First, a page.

workforce, or those currently holding a job
1. Seize the day!
If you are a college student, seize every chance to get work related experience.
Volunteer somewhere. It gives you experience to put on your resume, new skills,
and new contacts.
Even though it is hard, look at the challenges you face as chances to learn and
Don’t burn your bridges.
The relationships you have with your coworkers will not be same relationships
that you have with your boss.
2. Respect yourself!
If you have limited work experience, don't put too much stock in what
people tell you, you *can't* do for work because of your diagnosis. Every
autistic person is different, and has different strengths and issues. You
might be a cashiering wizard, or great at doing sales pitches, or a good
speaker, or any number of things autistic people are not "supposed" to be
able to do; it's hard to know these things without trying them out first.
If you really feel strongly that a certain job or work environment isn't
for you, though, do trust your instincts and pass.
If you have to write stuff down in order to retain it, or need to post
reminders about things, do it! Don't worry about looking silly or that
"nobody else has to do." So what? If I write it down, then I have it right there
to refer to.
Put thought in what is a priority for you. Is being able to work at home and/or
have flexible hours more important than having a more interesting or higher-
paying job? It's really important to respect your meltdown parameters, and not
force yourself into work situations that you think you "should" be able to handle
because all the "neurotypicals" can supposedly handle them just fine. In other
words, if the sound of coffee beans being ground is like nails on a chalkboard to
you, do yourself a favor and don't work in a coffeehouse! And you're not just
"making excuses" or "lazy" or whatnot because you need certain workplace
parameters in order to function.
Coworkers may often meet after work for social activity. Although your
attendance is not required, it can be seen as rude if you do not join them from
time to time. Within reasonable limits, it is perfectly acceptable to allow
coworkers to have a chance to get to know you. People always fear what they
don’t know, so if they don’t know you, people may develop negative feelings
about you based purely on ignorance.
3. Importance of Hygiene
Make sure that you are well dressed, in clothes that are ironed or dry cleaned.
Make sure that your teeth are brushed and flossed.
Make sure your breath is inoffensive (carry paper mint sheets, gum or mints)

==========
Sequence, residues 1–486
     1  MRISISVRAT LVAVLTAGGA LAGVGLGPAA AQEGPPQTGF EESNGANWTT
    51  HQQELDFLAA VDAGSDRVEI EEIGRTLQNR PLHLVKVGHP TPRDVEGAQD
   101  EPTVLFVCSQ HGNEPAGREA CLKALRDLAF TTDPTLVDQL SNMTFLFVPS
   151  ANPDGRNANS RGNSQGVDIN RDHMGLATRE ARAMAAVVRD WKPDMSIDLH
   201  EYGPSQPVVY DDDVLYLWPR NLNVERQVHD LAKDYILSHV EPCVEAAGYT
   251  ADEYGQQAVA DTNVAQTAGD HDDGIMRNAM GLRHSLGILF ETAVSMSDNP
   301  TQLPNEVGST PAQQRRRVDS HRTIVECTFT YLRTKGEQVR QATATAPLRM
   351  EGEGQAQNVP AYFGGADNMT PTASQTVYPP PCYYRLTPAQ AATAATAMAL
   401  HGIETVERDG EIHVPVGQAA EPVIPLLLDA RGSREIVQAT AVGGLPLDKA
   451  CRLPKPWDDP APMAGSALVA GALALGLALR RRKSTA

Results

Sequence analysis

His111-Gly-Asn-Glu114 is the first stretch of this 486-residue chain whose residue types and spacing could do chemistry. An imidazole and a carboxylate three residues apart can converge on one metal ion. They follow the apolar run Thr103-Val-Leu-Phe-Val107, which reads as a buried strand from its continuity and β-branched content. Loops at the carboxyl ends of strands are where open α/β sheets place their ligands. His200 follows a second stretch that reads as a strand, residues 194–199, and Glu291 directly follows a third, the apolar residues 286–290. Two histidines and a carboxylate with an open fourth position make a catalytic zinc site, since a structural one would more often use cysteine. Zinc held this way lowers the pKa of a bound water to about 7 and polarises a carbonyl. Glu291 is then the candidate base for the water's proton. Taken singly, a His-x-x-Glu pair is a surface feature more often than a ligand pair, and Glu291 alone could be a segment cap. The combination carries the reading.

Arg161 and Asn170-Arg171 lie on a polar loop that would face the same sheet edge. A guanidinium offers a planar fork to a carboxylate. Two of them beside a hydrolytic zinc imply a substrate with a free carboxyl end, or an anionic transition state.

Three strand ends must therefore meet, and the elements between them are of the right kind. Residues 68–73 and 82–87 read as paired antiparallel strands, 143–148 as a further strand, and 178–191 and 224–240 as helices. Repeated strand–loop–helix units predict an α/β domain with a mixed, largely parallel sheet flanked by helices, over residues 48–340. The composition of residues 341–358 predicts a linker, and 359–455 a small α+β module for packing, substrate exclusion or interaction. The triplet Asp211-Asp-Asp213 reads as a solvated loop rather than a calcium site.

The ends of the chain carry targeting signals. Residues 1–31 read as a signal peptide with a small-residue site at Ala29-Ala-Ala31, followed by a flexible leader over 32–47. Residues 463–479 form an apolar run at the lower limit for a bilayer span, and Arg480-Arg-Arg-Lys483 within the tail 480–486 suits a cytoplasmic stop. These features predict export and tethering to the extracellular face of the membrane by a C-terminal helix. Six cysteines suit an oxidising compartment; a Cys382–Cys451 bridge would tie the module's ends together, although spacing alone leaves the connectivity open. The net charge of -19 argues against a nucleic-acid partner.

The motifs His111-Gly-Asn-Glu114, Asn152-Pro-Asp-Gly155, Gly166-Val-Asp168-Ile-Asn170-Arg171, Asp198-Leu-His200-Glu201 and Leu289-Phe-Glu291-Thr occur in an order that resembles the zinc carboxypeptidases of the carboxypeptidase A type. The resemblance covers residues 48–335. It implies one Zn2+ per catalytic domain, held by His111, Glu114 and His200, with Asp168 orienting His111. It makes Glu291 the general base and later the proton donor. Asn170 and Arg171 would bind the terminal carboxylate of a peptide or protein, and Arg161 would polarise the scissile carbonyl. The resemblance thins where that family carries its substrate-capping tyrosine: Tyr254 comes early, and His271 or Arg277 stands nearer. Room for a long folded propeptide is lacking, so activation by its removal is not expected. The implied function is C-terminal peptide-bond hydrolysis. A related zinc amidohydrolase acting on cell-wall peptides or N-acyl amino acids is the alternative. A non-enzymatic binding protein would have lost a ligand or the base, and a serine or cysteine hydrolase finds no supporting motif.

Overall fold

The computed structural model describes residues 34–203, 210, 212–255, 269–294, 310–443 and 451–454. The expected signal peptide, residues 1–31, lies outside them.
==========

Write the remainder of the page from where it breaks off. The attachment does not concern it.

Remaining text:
Make sure that you have an ample supply of work clothes.
Freshen up your breath after lunch.
Do not wear the same cloths to work every day.
Make sure that you are well bathed and groomed.
If you have body odor problems, or nervous sweating issues, carry extra
antiperspirant in your car, locker, or in your desk. Also, an emergency shirt
wouldn’t hurt either.
4. Interview and Resumes
Research the position, and the company you are interviewing for.
Tailor all resumes to fit the position you are applying for.
Your resume must reflect your age and experience.
Your resume must stand out (professionally).
If you are having trouble with your resume, hire someone to make one for you,
or have a family member help you. If you have the money, and choose to hire
someone, make sure that they can give you examples of what your resume will
If you, or your family, or your friends, get bored reading your resume, chances
are that the employer will too.
If you are applying for an office job that requires you to have experience with
Microsoft office, you are going to want that experience reflected in your resumes
If your resume doesn’t look like you put a lot of effort into it, then it will be
assumed that you don’t put a lot of effort into your work.
******With the right accommodations and support, people
with Asperger’s Syndrome and High Functioning Autism can
become a crucial, valuable part of the workplace.******
Helpful Tips Submitted By:
**Please be sure to read Panel Member, David Bonner’s “Letter to Employers”
with his experience with Asperger’s and the workplace. Visit the home page:
**Video submitted from Andee Joyce has been made available on the IN-
APSE home page. www.inapse.org (transcript available)